Ali* struck up a friendship with the hotel manager and one night after drinking with him, went up to his room.  A short time later, the manager sent a prostitute to Ali’s room.  Lonely and drunk, Ali had sex with the prostitute.  Filled with guilt and remorse Ali found himself in a place that wasn’t on his itinerary.  He turned to his only friend, the hotel manager, who used Ali’s shame to extort menial labor from him.

When Ali’s family joined him, they crammed into his dingy room.  Ali lied to his wife and told her that he was working at the hotel.  After a few weeks, his wife asked Ali when he would get paid.  When it became apparent that Ali wasn’t getting paid for his work, Bahar, marched downstairs with Ali in tow and demanded that the manager pay her husband.  The confrontation escalated and Bahar began yelling at the manager.  The manager reached out and slapped Bahar hard across the face.  Shocked, Bahar looked at Ali for support—he stood by in silence, anchored in place by the weight of his shame.

Bahar turned her wrath on Ali as she screamed, “What kind of a man allows this to happen to his wife!”

As he recalled the incident, Ali turned to me with tears running down his face and said in a whisper, “I am not a man anymore.”

Our ministry partner,, has launched a major emphasis on the problem of human exploitation — forced labor, children at risk, and sex trafficking — that includes a series of stories, videos, photo galleries, and other resources. You can follow the series over the next several months at

‘Railway boys’ find a home

Caroline Anderson reports for Baptist Press:

INDIA (BP) — Life for boys living in India’s railway stations is a real-life “Hunger Games.” If they don’t fight, they’ll be killed. If they don’t find food and survive in this arena, they’ll starve on the train tracks.

Railway boys are those who have run away from home and joined gangs who live in India’s train stations. They travel the country, jumping from train to train and stealing from passengers. Nine boys have left this life behind and found earthly and heavenly family.

The boys sitting at this breakfast table survived the war. The glue sniffing, the razor blade scars, the rape and the murders have knit them together.

“This is my family,” Shad Khalil* says, gesturing to the eight other boys in the hostel kitchen. He slings his arm around the youngest boy, pulling him close.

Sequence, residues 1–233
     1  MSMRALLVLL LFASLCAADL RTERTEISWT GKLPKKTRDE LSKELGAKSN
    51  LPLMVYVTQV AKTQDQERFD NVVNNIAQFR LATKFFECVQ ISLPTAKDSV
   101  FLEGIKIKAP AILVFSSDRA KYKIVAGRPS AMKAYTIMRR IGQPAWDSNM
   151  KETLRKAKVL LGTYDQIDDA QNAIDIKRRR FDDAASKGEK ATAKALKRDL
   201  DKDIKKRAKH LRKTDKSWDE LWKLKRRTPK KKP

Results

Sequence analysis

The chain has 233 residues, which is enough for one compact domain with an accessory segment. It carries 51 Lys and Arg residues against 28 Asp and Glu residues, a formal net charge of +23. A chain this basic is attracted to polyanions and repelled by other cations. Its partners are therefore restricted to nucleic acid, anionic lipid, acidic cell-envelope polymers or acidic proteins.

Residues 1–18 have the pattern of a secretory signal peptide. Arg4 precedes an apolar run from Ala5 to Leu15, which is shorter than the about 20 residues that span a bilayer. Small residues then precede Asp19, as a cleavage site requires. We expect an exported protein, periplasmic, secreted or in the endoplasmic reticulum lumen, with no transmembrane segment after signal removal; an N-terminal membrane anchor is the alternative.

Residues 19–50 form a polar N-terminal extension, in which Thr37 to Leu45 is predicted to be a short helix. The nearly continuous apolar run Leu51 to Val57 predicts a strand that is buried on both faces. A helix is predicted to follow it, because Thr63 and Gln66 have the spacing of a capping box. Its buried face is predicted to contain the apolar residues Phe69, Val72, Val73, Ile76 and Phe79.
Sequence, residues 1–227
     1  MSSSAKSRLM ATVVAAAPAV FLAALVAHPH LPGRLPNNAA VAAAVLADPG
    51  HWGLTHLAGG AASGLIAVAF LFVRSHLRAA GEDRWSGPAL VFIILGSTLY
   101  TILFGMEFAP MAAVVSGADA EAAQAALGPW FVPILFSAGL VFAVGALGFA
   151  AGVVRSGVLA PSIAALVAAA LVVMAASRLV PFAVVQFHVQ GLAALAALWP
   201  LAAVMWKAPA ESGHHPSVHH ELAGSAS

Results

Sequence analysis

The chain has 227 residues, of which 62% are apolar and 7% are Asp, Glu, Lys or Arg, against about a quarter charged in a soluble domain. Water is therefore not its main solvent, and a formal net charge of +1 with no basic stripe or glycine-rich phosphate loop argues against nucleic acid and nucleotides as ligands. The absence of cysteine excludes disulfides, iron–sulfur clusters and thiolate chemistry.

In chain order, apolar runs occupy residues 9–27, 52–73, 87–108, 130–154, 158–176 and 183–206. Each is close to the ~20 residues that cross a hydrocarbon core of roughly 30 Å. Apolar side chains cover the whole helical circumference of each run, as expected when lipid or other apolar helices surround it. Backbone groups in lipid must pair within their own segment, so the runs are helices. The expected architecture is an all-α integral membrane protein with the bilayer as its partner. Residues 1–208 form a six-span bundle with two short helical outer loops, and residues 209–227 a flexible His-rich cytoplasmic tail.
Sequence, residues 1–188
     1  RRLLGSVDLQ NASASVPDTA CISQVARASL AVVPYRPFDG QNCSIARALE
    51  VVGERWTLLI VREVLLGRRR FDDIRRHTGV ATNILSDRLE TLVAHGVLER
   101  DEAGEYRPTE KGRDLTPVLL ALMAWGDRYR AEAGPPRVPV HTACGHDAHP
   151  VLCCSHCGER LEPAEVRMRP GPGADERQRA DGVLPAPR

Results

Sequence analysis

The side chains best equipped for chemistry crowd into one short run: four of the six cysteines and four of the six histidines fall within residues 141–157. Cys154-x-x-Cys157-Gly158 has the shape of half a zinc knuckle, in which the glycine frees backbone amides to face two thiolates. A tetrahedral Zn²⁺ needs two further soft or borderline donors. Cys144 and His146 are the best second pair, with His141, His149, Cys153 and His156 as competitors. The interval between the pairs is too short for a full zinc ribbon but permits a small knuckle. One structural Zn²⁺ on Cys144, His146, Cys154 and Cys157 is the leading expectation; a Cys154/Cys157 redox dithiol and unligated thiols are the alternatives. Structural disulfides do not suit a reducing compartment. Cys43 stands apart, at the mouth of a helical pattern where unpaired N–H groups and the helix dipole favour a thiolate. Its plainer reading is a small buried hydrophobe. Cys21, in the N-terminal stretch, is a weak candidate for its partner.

At 16, Khalil is the oldest boy living in this Christian hostel. His smile seems innocent, but he lost his innocence a long time ago.


Khalil, like most of the other boys in the hostel, ran away from home. Khalil left his home in Delhi at age 10. His mother came from a Catholic background but married a Muslim.

“There was no unity,” Khalil says. “They were not like family at all.”

Khalil’s father spent many days drunk, beat Khalil’s mother and forced himself on her. He beat Khalil too, throwing household items at him. When Khalil tried to protect his mother, he was nearly beaten to death.

“My grandfather was a very dirty man.” Khalil says, looking out the window. Tears begin to well in his eyes. “I have a sister. I feel my grandfather is spoiling her life.”

Guilt consumes his face. “I was young and wouldn’t express myself,” Khalil says, fixing his gaze on the breakfast table.

“I miss my sister. Pray for me and my family.”

Khalil ran away and jumped on a train headed out of town. He eventually landed in a train station on the other side of the country, where he collected water bottles to sell, begged and stole from passengers. He gave a portion of the profits to his gang leader for protection.

Gang leaders are boys in their late teens or early 20s who manipulate new railway boys by introducing glue-sniffing, creating a cycle of dependency and control.